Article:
One useful function of digital assets is as a marker of ownership or voting rights. Imagine a scenario where you issued a digital asset to each of your company’s board members in proportion to the amount of voting power held. Or if you gave your stockholders a digital asset as a marker of the amount of stock they owned.
If you issued your stock asset, you could then use Counterparty’s distribution function to pay out dividends in BTC based on the amount of digital stock asset each person owned.
You can also execute voting contracts on Counterparty. Simply issue a voting token (distributed by voting share) and instruct your voters to send their tokens to different specified contract addresses based on whether they’d like to vote yes or no. Whichever contract receives the most voting tokens would be the winner.
Contracts on Counterparty
More recently, Counterparty has implemented complete contracts for digital assets on its platform. You can set these contracts to execute based on inputs from users or outside information provided by oracles.
As a result, you can recreate many financial instruments on Counterparty. Stock options, bets, escrow, futures trading and other financial transactions are all options.
Additionally, you can create an API integration for your smart contract to interface with your own software or other outside sources. The possibilities are seemingly endless.
These contracts operate in a similar way to Ethereum’s smart contracts and they even support Solidity, the programming language behind Ethereum contracts. That said, Ethereum is definitely the leader in smart contracts, and if you want to build a dApp that doesn’t need to interface with Bitcoin, other dApp platforms like Ethereum are probably a better choice.
Bitcoin recently launched its Lightning Network. This allows for transaction settlement in off-chain channels, creating instant transactions and lessening the load on the Bitcoin blockchain.
Counterparty will support Lightning Network transactions for its assets as well. They’re currently working on a solution.
In addition, Counterparty supports multisignature addresses. This means that multiple individuals or devices need to sign off on transactions or contracts before they execute. As a result, multisig support creates greater security and broader use cases for assets on Counterparty.
Development & Roadmap
Counterparty is an open source initiative. Developers and core team members have come and gone from the project over the years. There’s no “team” section to the website. Several professionals are affiliated with the project on LinkedIn, but all of them have other full-time jobs.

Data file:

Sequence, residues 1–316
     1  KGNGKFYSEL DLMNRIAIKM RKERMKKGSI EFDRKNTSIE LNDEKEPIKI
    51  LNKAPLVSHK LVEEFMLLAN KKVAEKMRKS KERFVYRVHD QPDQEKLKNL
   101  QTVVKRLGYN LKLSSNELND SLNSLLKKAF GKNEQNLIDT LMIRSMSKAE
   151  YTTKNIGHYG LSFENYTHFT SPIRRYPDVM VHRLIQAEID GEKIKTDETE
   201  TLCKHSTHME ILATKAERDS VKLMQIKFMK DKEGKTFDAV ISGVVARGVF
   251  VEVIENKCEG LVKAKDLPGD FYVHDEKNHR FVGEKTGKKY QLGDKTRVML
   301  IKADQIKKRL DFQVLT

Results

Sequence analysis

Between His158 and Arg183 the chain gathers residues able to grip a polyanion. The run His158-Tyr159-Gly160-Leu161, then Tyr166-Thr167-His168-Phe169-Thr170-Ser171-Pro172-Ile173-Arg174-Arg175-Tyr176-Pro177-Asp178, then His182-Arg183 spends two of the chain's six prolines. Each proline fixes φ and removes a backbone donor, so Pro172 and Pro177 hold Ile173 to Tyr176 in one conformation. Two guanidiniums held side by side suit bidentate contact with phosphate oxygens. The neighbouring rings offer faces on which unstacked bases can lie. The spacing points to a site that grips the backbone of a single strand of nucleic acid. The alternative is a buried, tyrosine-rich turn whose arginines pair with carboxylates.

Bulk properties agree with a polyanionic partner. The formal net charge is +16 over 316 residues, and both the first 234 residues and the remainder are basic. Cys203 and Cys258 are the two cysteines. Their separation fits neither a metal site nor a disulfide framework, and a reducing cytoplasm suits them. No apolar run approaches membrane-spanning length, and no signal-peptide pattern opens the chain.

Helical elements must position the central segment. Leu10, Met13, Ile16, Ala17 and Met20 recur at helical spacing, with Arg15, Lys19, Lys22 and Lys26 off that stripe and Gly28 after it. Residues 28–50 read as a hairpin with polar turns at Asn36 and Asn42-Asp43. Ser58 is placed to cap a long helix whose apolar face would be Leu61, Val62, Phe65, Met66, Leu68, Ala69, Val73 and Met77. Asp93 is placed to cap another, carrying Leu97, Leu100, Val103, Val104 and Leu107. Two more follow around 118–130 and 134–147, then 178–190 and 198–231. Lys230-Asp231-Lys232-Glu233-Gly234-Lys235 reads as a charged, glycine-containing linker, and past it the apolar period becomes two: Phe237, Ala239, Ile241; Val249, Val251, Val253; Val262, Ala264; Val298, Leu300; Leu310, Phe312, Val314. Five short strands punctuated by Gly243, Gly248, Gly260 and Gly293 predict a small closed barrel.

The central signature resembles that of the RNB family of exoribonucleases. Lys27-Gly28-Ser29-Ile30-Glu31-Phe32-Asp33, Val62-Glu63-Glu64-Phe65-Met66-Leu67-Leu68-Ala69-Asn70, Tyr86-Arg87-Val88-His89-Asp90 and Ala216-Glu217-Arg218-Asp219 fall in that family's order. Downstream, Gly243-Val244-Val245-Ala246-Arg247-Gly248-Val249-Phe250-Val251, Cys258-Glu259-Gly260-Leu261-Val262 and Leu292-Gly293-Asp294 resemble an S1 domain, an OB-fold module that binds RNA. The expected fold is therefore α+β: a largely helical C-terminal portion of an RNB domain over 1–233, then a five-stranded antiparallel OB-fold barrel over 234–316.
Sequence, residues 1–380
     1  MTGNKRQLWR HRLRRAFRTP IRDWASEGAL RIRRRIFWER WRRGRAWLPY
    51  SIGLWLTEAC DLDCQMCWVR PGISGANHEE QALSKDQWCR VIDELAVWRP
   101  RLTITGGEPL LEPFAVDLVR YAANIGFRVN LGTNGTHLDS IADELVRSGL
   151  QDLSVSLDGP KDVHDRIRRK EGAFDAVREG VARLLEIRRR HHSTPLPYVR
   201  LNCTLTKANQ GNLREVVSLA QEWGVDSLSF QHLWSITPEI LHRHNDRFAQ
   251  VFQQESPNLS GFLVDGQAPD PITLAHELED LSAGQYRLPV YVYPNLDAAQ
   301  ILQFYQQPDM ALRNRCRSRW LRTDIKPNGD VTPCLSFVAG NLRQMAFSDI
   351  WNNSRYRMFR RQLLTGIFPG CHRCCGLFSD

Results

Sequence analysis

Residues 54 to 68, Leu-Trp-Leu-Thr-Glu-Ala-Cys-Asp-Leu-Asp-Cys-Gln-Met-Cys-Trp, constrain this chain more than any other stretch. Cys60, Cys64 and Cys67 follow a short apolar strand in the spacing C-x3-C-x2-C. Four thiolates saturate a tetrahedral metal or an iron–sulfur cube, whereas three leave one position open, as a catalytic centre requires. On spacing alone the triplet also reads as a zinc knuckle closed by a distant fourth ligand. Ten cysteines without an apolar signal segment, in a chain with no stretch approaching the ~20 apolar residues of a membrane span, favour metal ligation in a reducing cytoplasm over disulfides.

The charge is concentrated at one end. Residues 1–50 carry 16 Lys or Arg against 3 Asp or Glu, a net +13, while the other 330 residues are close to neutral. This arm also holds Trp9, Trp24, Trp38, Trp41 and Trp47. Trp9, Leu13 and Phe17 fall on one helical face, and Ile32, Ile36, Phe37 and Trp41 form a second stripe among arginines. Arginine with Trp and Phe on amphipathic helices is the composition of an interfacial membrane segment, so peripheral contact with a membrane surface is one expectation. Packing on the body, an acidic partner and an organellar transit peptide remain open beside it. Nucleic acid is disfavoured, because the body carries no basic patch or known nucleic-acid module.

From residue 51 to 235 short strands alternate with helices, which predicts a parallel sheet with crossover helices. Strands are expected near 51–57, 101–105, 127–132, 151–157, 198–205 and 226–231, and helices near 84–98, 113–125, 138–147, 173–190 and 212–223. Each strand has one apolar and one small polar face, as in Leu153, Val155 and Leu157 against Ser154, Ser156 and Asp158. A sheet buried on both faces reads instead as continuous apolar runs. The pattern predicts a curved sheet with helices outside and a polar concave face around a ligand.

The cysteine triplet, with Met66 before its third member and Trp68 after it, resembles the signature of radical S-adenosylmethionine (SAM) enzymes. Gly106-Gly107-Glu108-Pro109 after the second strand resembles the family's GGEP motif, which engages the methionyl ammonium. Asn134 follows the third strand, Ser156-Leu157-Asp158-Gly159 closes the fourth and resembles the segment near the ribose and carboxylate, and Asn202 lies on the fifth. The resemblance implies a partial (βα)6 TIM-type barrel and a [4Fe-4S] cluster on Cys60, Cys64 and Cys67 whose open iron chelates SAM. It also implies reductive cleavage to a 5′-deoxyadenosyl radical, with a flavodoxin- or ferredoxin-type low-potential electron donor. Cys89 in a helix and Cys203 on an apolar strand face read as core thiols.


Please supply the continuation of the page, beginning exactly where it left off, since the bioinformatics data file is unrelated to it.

Previously, Counterparty had a partnership with Storj to issue the token for their decentralized storage solution. Storj has since left Counterparty for Ethereum, and the token issued on Counterparty is deprecated.
The roadmap moving forward for Counterparty is unclear.
Counterparty Token (XCP)
The XCP token launched in 2014 as the first asset on Counterparty and the project’s main value option. You use XCP to create new assets, make bets, and call back callable assets.
The token generation did not include an ICO. Instead, participants sent Bitcoin to an address (1CounterpartyXXXXXXXXXXXXXXXUWLpVr) to be burned. Proof of burn keeps token creation a revenue-neutral event since value is destroyed as value is created. They did this to keep the token allocation fair and decentralized. It also helps avoid legal issues that come with issuing a token.
How to Buy Counterparty (XCP)
XCP is open for trading on multiple exchanges. The primary pairing is with BTC, which makes sense since Counterparty is on the Bitcoin blockchain. If you don’t have BTC already, you’ll need to purchase some before you can buy XCP.
Where to Store Counterparty (XCP)
Counterparty has its own GUI wallet known as Counterwallet. Since the project is open source, there are other wallets you can use as well. All the wallets are available on the website’s downloads page.
Counterparty addresses many of the same issues as Ethereum or Waves, but on the Bitcoin blockchain. While that does come with some advantages, ultimately it is not as strong a platform for development as its competitors. It’s best suited for applications that need to interface with Bitcoin or assets that have a specific connection to the Bitcoin ecosystem.